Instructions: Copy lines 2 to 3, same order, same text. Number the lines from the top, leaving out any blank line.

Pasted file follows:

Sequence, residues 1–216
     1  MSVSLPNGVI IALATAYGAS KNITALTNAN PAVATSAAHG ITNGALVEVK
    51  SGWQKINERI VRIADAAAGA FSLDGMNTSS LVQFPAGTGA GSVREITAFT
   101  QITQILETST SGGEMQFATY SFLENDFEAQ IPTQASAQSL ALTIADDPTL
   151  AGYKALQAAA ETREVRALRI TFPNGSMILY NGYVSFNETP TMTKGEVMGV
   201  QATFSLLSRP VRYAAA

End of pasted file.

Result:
     1  MSVSLPNGVI IALATAYGAS KNITALTNAN PAVATSAAHG ITNGALVEVK
    51  SGWQKINERI VRIADAAAGA FSLDGMNTSS LVQFPAGTGA GSVREITAFT